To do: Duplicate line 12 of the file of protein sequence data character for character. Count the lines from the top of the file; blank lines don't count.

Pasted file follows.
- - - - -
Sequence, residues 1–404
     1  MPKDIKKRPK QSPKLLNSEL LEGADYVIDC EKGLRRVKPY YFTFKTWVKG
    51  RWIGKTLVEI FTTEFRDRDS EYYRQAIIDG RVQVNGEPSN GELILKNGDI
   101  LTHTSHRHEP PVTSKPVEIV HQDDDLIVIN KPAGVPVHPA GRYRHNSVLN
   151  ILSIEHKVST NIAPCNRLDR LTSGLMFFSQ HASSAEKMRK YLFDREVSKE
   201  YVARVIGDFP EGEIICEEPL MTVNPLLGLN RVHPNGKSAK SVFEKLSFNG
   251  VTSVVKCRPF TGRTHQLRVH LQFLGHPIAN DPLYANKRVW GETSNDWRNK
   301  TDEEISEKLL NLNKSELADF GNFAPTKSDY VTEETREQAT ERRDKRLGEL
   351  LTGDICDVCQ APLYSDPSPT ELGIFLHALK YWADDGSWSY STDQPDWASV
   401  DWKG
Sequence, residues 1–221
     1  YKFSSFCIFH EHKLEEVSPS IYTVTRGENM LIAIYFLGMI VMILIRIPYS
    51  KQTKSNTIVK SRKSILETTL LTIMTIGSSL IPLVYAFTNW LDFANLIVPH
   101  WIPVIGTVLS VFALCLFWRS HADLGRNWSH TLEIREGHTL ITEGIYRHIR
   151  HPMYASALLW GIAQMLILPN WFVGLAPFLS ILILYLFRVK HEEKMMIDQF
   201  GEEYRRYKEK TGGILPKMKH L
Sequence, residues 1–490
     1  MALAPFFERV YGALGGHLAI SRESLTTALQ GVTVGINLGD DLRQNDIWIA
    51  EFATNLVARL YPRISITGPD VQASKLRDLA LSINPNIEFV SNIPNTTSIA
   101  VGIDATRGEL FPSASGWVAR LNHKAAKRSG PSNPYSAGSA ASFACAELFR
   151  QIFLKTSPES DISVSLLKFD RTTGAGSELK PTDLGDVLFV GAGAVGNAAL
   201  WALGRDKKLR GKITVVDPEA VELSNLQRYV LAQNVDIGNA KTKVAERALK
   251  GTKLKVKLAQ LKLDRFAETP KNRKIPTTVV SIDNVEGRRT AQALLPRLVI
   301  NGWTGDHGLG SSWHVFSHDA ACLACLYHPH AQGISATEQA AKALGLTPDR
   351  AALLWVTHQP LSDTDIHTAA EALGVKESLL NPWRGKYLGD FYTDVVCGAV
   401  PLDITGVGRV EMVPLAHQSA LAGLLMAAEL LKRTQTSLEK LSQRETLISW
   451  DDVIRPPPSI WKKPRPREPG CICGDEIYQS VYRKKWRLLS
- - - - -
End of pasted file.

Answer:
     1  YKFSSFCIFH EHKLEEVSPS IYTVTRGENM LIAIYFLGMI VMILIRIPYS